New planet discovery excites scientists: the discovery of a new planet 600 light years away with roughly the right temperature for plant and animal habitation is causing a buzz in the science community. Though much larger than Earth, scientists haven't ruled out the possibility of life being discovered.
The composition of comet Hartley 2 suggests that comets might have been a bigger source of Earth's water than previously thought. It's also challenging models of solar system formation.
Fried egg nebula: The European Southern Observatory's Very Large Telescope has spotted a massive yellow hypergiant star surrounded by a dusty double shell, prompting astronomers to think of breakfast.
Super-Earth: The newfound haul of alien planets includes 16 super-Earths, which are potentially rocky worlds that are more massive than our planet. One in particular has captured astronomers' attention because it orbits at the edge of its star's habitable zone, suggesting conditions could be ripe to support life.
Trojan asteroid: NASA has discovered that Earth has an asteroid companion traveling just ahead of our planet as it orbits the sun. This so-called Trojan asteroid could serve as a stepping stone to celestial objects farther afield.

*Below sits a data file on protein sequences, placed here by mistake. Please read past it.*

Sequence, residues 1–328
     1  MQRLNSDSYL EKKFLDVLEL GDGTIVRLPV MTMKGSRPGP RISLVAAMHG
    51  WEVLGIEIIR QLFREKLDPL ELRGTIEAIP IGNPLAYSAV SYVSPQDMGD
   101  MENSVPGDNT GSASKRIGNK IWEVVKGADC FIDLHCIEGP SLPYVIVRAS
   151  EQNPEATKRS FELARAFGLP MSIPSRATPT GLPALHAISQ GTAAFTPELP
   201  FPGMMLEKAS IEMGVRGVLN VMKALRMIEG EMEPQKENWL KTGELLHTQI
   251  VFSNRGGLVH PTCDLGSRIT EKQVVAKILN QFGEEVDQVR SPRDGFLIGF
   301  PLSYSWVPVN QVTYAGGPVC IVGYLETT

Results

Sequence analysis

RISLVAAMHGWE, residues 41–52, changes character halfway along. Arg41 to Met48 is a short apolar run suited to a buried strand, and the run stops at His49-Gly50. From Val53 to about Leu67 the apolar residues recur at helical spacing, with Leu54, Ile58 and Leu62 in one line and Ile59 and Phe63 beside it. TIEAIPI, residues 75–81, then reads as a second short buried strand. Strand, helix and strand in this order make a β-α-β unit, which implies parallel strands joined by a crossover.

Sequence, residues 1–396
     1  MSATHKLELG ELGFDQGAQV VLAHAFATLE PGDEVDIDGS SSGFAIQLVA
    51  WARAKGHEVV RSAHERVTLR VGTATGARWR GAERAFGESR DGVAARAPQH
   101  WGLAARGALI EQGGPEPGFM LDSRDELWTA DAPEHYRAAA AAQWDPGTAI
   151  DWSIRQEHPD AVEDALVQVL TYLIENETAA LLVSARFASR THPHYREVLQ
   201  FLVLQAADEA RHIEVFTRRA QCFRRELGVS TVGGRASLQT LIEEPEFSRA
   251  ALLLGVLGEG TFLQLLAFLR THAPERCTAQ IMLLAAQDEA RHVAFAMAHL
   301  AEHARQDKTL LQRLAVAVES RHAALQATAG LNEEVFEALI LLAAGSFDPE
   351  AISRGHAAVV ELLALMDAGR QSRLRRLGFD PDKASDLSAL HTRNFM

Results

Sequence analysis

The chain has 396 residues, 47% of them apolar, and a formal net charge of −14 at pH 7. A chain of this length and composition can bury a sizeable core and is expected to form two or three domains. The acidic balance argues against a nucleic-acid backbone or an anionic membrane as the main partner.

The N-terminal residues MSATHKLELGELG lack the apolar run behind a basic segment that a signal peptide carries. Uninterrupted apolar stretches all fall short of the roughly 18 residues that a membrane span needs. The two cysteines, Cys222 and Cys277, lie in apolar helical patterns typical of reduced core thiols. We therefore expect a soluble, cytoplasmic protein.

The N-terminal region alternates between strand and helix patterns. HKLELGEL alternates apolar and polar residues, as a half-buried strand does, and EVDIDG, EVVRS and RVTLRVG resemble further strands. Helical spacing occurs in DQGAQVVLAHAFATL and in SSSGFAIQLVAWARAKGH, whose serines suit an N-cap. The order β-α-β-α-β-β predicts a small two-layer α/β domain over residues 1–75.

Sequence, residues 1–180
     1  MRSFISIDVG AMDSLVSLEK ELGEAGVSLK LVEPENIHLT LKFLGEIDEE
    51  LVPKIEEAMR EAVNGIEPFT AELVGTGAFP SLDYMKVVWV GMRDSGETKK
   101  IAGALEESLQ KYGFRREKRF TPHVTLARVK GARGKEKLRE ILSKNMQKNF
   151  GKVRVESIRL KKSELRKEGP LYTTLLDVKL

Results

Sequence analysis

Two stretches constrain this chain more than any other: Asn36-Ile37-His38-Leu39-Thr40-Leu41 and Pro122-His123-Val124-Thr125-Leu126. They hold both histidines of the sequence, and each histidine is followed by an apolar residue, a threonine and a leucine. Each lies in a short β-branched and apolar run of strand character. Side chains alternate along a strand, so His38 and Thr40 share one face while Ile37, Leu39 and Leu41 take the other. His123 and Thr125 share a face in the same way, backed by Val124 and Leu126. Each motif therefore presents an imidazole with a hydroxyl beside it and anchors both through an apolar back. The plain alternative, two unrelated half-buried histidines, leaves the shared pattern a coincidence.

Satellite Cassini flew through geyser plumes spouting from Enceladus and gathered ice crystals. These crystals are salt-rich, suggesting that a hidden salty sea lurks beneath Enceladus's icy cap.
NASA's Kepler spacecraft, which is searching for Earth-mass planets orbiting sun-like stars, is finding hundreds of candidate planets, and many more multi-planet systems than expected.
This wider view of Uranus reveals the planet's faint rings and several of its satellites. The area outside Uranus was enhanced in brightness to the faint rings and moons. The outermost ring is brighter on the lower side, where it is wider. It is made of dust and small pebbles, which create a thin, dark, and almost vertical line across the right side of Uranus (especially visible on the natural-color image).
For the first time, scientists have confirmed an exoplanet that is rocky like Earth – not a gas giant. It's also 2,500 degrees F and denser than iron, so it's no candidate for life, say members of the team working with the planet-hunting Kepler spacecraft.